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Purpose – The purpose of this paper is to develop insight regarding art gallery members' identification with their galleries through the use of segmentation. The antecedents of a member's identification and subsequent involvement with the gallery are explored. Within the four regional art galleries analysed, the authors identify three different segments within the membership groups which illustrate the ways in which gallery members, who identify positively with their gallery, contribute to the organisation through behaviours such as the donation of time and money. Design/methodology/approach – A mixed methods approach was used, including 11 in‐depth interviews with gallery staff and members and a survey ( n =433) of gallery members. The in‐depth interviews were interpreted using content analysis and thematic analysis. The survey results were analysed using exploratory factor analysis and cluster analysis. Findings – The paper's findings suggest that gallery members can be differentiated in terms of the way that they contribute to their art gallery. Three types were identified: promoters, donors and committee members. A number of constructs were used to distinguish between each of the segments, including: member identification, satisfaction, prestige, visibility, contact quality and domain involvement from the current arts marketing literature. Four other constructs which emerged from the qualitative research were also used to profile the clusters: self‐enhancement, organisational culture, social responsibility and elitism which emerged from the qualitative research. Research limitations/implications – Profiling different segments in the market (membership) using sociodemographics, attitudes and donating behaviours allows marketers and managers to more effectively target the segments who can positively contribute to the organisation. Moreover it provides a greater understanding of the membership base and how various members are engaging with their institution. Current methods of marketing are becoming less ideal to obtain marketing objectives, with diminishing returns to scale on marketing programmes an issue. Practical implications – An understanding of the differences between each of these member types will allow galleries to more efficiently use their finite resources. By tailoring offerings to each of the different segments galleries can maximise the value of their membership base. Further, the use of segmentation enables gallery managers to identify segments where members may be less or not engaged and its causes and potential solutions. Social implications – Many non‐profit organisations with a membership base, such as the art galleries sampled in this research, rely on the contribution of their membership to survive. Therefore understanding the relationship between the institution and the membership is important. Originality/value – The paper is unique in the application of segmentation analysis to examine gallery members. It also furthers the current understanding of identification and its role in the relationship between organisation members and their behaviour as members. That is the role of identification in relationship marketing.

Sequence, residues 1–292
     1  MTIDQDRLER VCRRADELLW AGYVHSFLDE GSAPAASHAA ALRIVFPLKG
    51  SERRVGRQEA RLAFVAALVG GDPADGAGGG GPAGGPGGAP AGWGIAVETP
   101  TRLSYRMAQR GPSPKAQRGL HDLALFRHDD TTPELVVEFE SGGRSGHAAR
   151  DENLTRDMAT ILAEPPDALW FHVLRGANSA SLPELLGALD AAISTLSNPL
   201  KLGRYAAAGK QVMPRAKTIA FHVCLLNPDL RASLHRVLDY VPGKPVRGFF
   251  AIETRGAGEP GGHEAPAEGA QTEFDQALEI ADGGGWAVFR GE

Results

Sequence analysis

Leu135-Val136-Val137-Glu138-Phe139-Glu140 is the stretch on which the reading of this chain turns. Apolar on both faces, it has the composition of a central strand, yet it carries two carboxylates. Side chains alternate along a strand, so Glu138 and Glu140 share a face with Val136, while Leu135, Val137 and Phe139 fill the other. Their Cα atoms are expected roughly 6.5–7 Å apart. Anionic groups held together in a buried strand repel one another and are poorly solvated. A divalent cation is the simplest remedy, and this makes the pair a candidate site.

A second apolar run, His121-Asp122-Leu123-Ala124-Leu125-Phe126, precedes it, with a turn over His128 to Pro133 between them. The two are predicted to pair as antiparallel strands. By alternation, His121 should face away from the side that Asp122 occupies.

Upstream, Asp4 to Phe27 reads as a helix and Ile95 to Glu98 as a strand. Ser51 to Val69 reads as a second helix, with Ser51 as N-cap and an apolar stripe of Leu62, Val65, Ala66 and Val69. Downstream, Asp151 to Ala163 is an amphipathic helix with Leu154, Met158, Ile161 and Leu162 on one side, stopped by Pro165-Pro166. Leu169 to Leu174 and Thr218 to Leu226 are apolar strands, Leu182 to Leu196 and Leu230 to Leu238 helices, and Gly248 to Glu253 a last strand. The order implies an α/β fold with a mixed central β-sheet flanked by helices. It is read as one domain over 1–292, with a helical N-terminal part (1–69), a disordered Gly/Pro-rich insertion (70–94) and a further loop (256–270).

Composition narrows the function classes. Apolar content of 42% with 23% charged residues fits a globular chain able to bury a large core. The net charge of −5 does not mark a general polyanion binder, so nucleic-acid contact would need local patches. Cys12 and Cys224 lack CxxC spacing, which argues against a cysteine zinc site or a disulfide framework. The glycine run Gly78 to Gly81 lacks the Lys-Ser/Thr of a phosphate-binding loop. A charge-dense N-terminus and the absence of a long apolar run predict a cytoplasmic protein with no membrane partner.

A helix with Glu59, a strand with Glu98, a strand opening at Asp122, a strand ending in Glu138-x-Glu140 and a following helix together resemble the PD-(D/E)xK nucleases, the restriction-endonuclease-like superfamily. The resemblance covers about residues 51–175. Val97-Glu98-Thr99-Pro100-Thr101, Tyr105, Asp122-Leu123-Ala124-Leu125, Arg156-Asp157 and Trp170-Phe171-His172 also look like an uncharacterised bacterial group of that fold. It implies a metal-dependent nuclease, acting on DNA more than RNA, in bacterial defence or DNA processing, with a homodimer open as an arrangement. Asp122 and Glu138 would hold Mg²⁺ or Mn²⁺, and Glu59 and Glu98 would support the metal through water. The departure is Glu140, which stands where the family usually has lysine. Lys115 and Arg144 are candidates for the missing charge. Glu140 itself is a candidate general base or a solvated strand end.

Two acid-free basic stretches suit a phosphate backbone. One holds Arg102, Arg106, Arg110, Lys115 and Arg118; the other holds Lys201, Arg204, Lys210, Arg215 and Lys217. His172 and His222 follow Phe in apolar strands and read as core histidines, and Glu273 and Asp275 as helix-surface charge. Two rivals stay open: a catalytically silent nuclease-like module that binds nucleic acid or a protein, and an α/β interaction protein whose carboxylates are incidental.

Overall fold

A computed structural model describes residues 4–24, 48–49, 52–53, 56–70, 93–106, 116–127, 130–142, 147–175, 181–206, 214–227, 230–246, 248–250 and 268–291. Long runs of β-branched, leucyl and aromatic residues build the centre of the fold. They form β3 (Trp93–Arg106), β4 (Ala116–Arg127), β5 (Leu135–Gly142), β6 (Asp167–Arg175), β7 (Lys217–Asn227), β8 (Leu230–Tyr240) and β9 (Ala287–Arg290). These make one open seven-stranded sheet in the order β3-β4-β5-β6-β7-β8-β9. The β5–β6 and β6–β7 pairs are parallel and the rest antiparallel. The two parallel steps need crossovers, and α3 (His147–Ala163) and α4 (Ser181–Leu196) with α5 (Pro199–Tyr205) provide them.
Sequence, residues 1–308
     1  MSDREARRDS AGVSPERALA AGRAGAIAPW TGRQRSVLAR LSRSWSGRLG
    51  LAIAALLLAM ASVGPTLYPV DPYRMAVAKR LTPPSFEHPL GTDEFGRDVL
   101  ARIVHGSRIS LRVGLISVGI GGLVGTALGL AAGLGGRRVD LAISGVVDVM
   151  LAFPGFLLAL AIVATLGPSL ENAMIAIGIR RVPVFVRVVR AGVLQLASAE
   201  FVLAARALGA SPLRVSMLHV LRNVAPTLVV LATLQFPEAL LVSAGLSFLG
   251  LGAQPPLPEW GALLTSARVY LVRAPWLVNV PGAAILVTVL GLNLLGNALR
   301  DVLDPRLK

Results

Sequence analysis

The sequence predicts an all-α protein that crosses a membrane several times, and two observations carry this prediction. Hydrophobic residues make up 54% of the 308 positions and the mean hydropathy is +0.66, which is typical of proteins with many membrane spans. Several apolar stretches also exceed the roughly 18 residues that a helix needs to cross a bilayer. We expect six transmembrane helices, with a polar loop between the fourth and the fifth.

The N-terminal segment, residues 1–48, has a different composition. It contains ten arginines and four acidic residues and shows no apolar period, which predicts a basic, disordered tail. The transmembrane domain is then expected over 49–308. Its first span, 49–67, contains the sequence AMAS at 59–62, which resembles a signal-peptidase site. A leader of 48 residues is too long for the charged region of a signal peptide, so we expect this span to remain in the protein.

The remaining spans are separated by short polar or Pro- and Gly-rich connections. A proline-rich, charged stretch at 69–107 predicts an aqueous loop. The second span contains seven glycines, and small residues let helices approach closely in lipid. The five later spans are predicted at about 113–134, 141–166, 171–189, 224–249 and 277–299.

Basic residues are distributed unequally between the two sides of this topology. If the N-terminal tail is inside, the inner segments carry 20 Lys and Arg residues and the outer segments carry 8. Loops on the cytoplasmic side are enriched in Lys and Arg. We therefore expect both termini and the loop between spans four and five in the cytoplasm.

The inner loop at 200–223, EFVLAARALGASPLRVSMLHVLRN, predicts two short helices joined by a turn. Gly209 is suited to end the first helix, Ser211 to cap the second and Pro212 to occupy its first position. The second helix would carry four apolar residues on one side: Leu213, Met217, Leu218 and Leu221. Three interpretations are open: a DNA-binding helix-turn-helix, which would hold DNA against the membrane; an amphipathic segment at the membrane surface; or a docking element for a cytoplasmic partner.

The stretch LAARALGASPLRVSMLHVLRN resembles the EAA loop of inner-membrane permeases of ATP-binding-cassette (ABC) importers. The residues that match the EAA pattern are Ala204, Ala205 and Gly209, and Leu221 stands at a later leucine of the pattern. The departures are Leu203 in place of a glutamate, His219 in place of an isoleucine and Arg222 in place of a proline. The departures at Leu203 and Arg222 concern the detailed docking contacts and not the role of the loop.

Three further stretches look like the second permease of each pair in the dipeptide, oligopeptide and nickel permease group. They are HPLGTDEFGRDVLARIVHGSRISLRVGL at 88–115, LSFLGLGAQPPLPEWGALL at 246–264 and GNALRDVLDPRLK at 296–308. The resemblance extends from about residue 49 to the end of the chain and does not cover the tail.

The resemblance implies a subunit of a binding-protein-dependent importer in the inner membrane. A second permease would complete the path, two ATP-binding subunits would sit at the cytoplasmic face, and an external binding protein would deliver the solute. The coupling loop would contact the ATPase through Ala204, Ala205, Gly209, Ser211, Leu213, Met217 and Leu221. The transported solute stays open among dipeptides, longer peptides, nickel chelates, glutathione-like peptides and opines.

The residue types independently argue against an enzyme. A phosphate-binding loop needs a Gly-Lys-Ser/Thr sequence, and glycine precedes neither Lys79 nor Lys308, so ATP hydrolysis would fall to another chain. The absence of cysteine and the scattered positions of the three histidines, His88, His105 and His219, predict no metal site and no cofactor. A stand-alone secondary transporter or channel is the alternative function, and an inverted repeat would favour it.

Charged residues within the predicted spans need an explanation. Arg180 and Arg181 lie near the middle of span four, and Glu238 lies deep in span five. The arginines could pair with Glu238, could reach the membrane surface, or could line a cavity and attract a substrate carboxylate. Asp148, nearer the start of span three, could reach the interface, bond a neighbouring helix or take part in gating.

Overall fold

Arts Marketing An International Journal – Emerald Publishing
Published: May 20, 2011
Keywords: Australia; Art galleries; Non‐profit organizations; Relationship marketing; Market segmentation
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